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Lookup NU author(s): Dr James StanfieldORCiD
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Executive Summary: The criticism of the ‘profit motive’ in education is unjustified: we should not be concerned about the corporate structure of organisations that provide educational services. Furthermore, while people are disparaging about the profit motive they ignore other self-interested motives operating within the education sector, such as those within teachers’ unions, government educational bureaucracies, and so on. The school reform debate currently focuses to too great an extent on ‘school choice’. Instead, we need to focus on the supply side. By liberating the supply of education, we will see radical new ways to deliver education, including new ways of bundling education services. Those models that are successful will be scaled up rapidly if the profit motive is allowed to work. The UK government is wrong to exclude profit-making schools from its free-school programme and it might fail as a result. Allowing profit-making free schools would draw more capital into the sector; allow people who wished to take financial risks to do so while reducing risks for parents and other groups involved in setting up free schools; help ensure that the necessary site and buildings can be obtained and financed; and radically reduce the cost of regulation. Non-profit foundations generally do not have the ability or incentives to scale up successful practices and roll them out widely. They are therefore not the answer to promoting high- quality education available to all. Profit-making schools in Sweden have raised standards and provided a competitive spur to state schools. One chain of schools has increased teacher contact time by 50 per cent through developing curriculum materials that can easily be adapted by teachers. The UK lags behind the UN in terms of developing good practice in education policy – despite the fact that the UN tends to lag behind best practice by many years itself. The UN has taken an empirical approach and has decided that, if profit-making schools can raise educational standards, they should be welcomed. If the UN’s success is to be spread more widely so that the profit motive is accepted by national governments in developed countries, those supporting the profit motive must choose their language prudently. Words such as ‘inclusive’, ‘diverse’ and ‘open’ can be applied to an education sector that is not limited to state institutions and can be helpful in winning the political debate. For-profit higher education institutions in the USA have opened up universities and colleges to groups in society that have previously been excluded. More than half of students at for-profit institutions in 2007 were over 25 years old and ethnic minority enrolments comprised nearly 40 per cent of the total. Furthermore, a greater proportion of students at for-profit institutions were ‘first generation’ students whose parents did not have a degree. There are, however, important lessons from the USA for UK policy. Mechanisms of government financing can distort incentives and lead to lower completion rates than is desirable. The UK government seems to be repeating the mistakes made in the USA by directing greater subsidies towards those former students who do not make best use of their degree courses. The advantages of profit-making institutions should not be forgotten, however, and it would be better to correct the distorting systems of government financing than to undermine the for-profit sector. UK business schools are not entirely the success story that is often claimed. Graduate unemployment from UK business schools is higher than the average for all graduates. Reform is needed. Business schools operating in the ‘mass market’ for business education should be profit-making. This would bring stronger customer focus, cost control, expertise from other service areas, links with other businesses and new sources of capital. In general, private capital and the profit motive are needed to create widely replicated, low-margin, low-cost methods of education. Such innovation will lead to the development of entirely new personal learning formats and services and move the sector away from the ‘batch processing’ of children in classrooms where children of the same age progress through material at the same pace.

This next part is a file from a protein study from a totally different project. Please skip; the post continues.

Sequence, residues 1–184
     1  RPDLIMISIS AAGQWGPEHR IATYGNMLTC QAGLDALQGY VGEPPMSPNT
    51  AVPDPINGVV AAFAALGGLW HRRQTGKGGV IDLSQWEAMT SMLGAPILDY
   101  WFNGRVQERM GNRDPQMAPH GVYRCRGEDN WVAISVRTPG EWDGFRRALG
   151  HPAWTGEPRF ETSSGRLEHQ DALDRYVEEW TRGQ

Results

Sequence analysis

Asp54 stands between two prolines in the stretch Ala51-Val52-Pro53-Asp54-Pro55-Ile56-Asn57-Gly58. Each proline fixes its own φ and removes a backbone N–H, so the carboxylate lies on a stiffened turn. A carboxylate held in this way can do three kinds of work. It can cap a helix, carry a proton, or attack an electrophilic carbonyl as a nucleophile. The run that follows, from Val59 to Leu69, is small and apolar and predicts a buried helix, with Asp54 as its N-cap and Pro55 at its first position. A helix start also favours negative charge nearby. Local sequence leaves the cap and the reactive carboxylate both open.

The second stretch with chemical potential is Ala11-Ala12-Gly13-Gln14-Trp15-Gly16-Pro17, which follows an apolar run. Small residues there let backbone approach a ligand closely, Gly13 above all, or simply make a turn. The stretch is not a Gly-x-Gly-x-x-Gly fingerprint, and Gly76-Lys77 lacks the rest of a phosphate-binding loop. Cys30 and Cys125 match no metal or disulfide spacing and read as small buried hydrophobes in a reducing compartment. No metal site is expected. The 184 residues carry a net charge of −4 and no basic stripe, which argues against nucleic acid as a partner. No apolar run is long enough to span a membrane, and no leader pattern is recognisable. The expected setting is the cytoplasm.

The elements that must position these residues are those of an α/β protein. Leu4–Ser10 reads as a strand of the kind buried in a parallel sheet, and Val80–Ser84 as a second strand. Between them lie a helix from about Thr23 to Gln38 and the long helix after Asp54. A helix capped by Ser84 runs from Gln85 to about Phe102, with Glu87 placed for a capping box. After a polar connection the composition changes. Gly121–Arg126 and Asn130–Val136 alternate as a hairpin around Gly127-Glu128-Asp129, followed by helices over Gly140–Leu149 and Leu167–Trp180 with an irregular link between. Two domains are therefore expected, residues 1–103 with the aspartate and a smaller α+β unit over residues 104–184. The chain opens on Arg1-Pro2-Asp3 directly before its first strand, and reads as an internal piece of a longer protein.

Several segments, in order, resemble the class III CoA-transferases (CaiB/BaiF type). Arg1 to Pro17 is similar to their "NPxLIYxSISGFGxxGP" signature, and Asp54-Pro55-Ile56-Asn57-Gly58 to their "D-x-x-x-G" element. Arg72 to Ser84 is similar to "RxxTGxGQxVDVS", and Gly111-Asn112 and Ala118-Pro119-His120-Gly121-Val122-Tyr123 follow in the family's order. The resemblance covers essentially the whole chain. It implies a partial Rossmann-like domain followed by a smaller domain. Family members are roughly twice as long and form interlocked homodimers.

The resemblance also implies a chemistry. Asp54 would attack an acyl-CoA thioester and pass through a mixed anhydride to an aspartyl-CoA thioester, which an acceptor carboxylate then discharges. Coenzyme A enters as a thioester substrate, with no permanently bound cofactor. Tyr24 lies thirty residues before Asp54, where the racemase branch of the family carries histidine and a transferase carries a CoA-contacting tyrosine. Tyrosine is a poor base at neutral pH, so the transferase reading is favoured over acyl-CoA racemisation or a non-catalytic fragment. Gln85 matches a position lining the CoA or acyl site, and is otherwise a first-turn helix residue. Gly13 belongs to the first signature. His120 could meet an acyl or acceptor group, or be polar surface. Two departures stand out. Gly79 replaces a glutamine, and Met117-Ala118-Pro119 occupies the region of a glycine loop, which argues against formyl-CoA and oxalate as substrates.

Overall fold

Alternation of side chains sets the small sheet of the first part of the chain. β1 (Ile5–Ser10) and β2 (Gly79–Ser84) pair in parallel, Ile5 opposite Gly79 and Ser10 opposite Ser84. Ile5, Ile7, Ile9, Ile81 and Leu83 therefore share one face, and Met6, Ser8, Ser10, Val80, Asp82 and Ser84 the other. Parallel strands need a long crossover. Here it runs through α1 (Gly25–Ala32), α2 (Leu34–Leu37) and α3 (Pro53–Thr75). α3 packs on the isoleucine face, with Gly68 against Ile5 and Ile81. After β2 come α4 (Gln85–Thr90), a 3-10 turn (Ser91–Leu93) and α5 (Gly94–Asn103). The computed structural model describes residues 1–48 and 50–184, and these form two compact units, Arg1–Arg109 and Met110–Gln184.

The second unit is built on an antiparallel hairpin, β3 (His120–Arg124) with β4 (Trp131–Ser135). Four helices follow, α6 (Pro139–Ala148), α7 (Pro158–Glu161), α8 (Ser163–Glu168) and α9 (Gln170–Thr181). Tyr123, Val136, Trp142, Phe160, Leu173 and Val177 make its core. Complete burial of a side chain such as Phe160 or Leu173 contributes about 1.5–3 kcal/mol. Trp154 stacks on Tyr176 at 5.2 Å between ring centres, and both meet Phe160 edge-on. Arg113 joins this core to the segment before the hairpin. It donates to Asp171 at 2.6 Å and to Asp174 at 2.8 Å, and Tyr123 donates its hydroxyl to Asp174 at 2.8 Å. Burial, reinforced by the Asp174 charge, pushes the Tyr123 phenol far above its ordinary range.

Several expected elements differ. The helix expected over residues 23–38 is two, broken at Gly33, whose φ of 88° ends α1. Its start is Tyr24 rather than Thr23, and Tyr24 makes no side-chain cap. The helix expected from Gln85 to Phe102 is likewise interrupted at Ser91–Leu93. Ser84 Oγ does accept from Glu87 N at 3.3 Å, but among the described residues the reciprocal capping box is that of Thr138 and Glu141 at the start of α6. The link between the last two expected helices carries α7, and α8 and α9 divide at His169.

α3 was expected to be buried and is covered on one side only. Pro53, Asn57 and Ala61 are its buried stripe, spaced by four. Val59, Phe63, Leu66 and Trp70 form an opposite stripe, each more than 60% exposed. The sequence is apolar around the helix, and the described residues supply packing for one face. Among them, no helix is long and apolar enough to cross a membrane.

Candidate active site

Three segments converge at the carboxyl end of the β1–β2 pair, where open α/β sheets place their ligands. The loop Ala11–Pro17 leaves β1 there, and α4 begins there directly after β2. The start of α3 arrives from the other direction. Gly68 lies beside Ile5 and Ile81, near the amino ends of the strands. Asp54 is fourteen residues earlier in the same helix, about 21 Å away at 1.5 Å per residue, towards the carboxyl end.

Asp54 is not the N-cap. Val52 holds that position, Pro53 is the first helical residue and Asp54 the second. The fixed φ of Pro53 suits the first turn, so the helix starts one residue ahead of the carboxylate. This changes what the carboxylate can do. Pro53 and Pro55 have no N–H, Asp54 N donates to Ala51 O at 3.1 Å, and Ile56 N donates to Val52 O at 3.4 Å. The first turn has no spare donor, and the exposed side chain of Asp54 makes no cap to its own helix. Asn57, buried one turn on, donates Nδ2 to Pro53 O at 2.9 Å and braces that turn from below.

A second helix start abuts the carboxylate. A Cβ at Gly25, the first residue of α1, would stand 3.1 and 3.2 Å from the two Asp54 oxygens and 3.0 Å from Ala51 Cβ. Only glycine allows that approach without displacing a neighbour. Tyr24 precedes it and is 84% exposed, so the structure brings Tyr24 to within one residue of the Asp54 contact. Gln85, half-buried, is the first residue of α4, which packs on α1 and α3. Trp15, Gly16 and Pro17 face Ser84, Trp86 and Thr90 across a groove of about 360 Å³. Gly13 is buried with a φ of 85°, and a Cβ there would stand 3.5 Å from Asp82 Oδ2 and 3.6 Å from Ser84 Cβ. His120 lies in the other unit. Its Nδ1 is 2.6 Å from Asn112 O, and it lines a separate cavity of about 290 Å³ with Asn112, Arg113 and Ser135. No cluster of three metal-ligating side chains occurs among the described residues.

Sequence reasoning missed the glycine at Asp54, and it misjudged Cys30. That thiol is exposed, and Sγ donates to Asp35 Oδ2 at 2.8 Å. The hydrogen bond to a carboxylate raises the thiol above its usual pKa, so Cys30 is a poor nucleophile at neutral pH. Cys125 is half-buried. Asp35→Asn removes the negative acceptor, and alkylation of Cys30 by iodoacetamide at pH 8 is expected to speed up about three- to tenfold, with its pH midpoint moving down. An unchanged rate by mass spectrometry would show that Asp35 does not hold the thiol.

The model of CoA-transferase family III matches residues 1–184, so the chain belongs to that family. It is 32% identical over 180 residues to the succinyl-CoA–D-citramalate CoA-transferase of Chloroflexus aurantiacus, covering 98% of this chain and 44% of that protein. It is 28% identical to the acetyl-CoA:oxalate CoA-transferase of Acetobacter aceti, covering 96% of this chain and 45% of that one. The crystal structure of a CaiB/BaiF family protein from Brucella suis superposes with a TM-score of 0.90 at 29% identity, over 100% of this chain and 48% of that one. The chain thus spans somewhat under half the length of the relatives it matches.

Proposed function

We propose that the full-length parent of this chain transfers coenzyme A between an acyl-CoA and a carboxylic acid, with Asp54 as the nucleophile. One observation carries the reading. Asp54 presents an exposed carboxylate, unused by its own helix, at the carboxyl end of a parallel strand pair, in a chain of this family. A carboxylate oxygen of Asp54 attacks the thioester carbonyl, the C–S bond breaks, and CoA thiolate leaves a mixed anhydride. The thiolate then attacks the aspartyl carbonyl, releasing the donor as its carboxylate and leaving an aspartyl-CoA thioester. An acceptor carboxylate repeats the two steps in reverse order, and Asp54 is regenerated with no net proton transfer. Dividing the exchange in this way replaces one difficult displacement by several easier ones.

Editor(s): Stanfield J
Publication type: Edited Book
Publication status: Published
Number of Pages: 203
Publisher: Institute of Economic Affairs & Profile Books
Place Published: London
Library holdings: Search Newcastle University Library for this item